A nose for rescues
Tuesday, March 9, 2004
BLODGETT, Mo. -- At 7 1/2 months old, Sweet Willie is destined for greatness.
The black German shepherd owned by Marshia Morton is the youngest member of Scott County's recently formed search and rescue dog team. Surprisingly, he is also the most mellow.
Perhaps he knows he has a lot to live up to. Sweet Willie's father sniffs out bombs in Memphis, Tenn., for the Shelby County Sheriff's Department, where his mother is also a search and rescue dog.
The volunteer group is working alongside Scott County 911 under guidelines from the Search and Rescue Council of Missouri. The group first met in late November for orientation and hopes to be functional by midsummer, Morton said. The training regimen can take two years, but she hopes the team's accelerated schedule will pay off quicker.
"We don't have two years," she said. "That'd be a luxury."
There are no other such units in Southeast Missouri, making these dogs an incredible asset to the entire area, said Joe Burton, Scott County emergency management director. The closest search and rescue dog teams in the state are in St. Louis and Springfield.
"It's going to help with the walk-aways with nursing homes," he said. "It's going to save lives eventually, down the road."
The all-volunteer group receives no county or state funding and is looking at Homeland Security grants as a possible future resource, Burton said.
Sweet Willie spent Wednesday night developing tracking skills with his teammates inside Morton's enormous horse barns at her farm near Blodgett. The group, which has about a dozen handlers and seven dogs, meets two to three times each week. Each dog has a handler, who walks alongside and holds the leash, and a helper, who acts as a lookout for possible dangers. One dog and handler team can clear several square miles in a day.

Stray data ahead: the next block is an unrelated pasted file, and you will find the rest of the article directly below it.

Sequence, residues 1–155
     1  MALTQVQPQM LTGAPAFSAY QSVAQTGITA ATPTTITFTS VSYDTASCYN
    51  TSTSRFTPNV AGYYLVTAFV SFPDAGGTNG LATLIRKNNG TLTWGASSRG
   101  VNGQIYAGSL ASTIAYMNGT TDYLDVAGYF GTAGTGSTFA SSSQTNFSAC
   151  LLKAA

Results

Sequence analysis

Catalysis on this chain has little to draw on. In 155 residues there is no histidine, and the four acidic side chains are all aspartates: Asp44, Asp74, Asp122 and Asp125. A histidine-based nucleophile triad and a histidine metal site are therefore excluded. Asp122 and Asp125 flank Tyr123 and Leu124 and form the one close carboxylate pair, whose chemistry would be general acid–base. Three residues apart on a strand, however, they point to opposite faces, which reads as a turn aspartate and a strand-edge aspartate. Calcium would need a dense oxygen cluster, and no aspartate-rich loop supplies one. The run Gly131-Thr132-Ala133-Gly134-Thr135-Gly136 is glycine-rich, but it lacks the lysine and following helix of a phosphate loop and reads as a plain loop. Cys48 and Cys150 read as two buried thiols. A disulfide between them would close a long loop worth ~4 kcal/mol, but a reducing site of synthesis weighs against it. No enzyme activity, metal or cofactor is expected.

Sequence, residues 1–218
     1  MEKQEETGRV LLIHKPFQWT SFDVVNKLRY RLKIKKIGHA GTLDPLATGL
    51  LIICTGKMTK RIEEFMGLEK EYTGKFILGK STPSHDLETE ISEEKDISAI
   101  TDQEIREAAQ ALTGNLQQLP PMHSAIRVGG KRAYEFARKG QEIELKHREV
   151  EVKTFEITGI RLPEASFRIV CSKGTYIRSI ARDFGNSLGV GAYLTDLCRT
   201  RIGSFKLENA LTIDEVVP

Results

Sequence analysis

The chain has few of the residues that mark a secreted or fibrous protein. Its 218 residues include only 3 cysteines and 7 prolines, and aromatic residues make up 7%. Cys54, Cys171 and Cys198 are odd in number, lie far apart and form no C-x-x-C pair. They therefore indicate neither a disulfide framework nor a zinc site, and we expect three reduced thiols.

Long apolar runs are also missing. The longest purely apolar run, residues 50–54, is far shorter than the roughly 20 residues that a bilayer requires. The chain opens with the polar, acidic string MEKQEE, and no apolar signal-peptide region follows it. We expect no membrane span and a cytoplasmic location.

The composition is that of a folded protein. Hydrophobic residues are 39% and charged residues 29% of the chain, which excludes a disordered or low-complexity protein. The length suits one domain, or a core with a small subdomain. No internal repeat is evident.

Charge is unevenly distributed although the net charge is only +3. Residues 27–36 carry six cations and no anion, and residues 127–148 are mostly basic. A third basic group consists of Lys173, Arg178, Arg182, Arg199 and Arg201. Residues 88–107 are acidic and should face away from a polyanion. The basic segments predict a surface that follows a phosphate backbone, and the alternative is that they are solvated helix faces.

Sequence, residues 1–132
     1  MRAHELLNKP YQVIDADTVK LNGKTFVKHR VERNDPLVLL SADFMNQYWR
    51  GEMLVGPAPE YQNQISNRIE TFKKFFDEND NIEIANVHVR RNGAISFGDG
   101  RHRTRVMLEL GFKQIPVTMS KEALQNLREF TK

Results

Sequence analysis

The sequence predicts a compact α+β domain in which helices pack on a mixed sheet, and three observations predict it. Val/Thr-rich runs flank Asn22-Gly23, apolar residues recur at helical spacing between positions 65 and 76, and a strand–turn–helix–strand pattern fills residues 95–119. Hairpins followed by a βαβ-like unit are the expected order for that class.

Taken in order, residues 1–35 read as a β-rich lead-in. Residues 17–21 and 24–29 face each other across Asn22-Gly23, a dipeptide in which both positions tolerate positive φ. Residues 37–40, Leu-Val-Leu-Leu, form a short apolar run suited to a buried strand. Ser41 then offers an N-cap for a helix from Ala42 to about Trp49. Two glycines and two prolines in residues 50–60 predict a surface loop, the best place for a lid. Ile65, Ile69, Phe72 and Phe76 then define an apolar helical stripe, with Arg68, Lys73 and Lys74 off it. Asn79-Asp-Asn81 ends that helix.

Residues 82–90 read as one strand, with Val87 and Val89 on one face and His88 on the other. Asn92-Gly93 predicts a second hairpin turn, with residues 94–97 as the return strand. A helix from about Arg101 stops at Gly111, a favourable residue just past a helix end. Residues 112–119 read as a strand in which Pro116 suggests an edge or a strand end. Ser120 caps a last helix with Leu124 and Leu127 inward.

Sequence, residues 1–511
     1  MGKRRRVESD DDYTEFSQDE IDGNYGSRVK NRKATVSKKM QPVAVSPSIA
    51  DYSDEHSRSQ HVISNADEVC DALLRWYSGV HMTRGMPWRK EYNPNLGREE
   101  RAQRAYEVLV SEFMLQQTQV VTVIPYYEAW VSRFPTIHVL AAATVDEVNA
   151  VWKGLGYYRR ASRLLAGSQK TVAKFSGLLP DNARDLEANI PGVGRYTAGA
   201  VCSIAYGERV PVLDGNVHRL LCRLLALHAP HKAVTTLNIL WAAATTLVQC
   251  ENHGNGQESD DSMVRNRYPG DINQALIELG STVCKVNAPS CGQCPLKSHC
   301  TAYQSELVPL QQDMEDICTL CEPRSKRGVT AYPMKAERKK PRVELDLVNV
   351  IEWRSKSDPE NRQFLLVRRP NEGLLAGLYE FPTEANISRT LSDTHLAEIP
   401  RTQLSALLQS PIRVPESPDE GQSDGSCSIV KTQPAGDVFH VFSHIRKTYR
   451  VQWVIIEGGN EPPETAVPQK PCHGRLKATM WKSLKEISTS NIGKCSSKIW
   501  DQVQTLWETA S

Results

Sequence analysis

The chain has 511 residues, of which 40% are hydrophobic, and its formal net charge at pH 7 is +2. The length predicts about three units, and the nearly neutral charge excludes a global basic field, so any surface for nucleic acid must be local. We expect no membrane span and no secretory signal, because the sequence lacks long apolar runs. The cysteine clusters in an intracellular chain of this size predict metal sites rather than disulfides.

At the other end of the doggy mood spectrum is Todd, an excitable 11-month-old chocolate Labrador owned by Bobby Cassout of Scott City. Todd's happy, bouncy energy announces his enthusiasm for the training.
"No," Cassout says as Todd tugs on his leash to follow another dog. "You'll get your turn. You just wait."
After the terrorist attacks of Sept. 11, 2001, Morton trained under veterinarian Dr. Rita Tinsley in Steward County, Tenn. She has search and rescue contacts across the country, some with teams that searched in New York City after the attacks. She plans to bring them to the area to give seminars.
The Scott County dogs were anxious but well-behaved during their training session. There are all sorts of smells in Morton's horse barns to distract them while they search for a "victim." Twelve-year-old Robert Cassout of Scott City hid in various stalls. When the dogs successfully tracked and found him, they received lots of praise.
In the second half of the night's training, the dogs searched for human teeth Morton hid in three locations for cadaver work.
Keno, an 18-month-old black Labrador owned by Ross and Amber Glenn of East Prairie, Mo., did well in her search for the teeth.
"She's got a lot of drive," Amber Glenn said. "She likes to play hide-and-seek. It's a game we've played with her since she was a puppy. We're just taking a different approach now."
Newcomer Bo Jangles, a 2 1/2-year-old bloodhound, sat at his master's feet pleading in a high-pitched whine to be allowed to sniff out something, anything. It's what he was born to do.
Every so often, owner Terry Pemberton of Sikeston, Mo., scolded Bo Jangles in a low whisper, after which the hound momentarily quieted before launching into a new series of nasal sounds.
Time and dedication
A lot of training is required of the human members of the dog teams, too, including first aid and CPR certifications, radio operations, hazardous chemicals, maps and crime scene preservation. Handlers also learn about the dangers their dogs face, such as drug makers' booby traps, lethal meth labs and desperate jail escapees.
The organization is open to people who have dogs and to those who just wish to help and don't have dogs, Burton said.
"But they've got to be dedicated because it requires a lot of time," he said. "It's not like a volunteer fireman where you train and get your certification and then basically wait for the fire calls. These dogs live with you, and you train them and work with them every day. You've got to really want to do this to be a part of it."
335-6611, extension 160
WANT TO HELP?
The Scott County search and rescue dog team needs donations for equipment and training. To help, call Marshia Morton at (573) 481-9208.